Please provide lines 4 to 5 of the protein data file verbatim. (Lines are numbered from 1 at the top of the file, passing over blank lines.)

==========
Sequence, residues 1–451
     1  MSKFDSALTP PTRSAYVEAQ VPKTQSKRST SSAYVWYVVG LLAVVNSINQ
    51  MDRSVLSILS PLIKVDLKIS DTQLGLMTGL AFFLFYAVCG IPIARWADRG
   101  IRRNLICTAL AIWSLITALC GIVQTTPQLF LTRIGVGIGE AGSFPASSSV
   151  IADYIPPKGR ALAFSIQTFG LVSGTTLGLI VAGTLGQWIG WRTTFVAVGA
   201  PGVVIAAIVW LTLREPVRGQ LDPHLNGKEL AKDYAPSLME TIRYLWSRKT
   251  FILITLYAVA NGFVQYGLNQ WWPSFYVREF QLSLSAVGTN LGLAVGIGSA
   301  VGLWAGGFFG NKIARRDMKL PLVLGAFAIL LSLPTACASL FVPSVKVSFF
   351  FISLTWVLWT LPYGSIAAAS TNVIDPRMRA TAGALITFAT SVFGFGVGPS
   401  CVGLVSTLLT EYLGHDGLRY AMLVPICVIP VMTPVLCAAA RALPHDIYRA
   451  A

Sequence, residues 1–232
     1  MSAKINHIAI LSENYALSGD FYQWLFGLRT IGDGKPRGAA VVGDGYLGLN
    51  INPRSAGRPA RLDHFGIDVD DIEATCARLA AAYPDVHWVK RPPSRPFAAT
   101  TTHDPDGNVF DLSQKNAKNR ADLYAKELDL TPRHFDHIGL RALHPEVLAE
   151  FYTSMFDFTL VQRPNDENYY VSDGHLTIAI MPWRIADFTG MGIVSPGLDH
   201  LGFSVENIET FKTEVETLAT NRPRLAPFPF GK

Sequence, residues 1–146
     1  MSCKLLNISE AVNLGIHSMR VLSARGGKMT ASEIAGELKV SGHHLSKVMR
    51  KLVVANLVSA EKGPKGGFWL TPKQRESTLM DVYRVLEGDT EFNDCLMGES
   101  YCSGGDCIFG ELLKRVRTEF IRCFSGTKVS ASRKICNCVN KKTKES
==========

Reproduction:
   101  IRRNLICTAL AIWSLITALC GIVQTTPQLF LTRIGVGIGE AGSFPASSSV
   151  IADYIPPKGR ALAFSIQTFG LVSGTTLGLI VAGTLGQWIG WRTTFVAVGA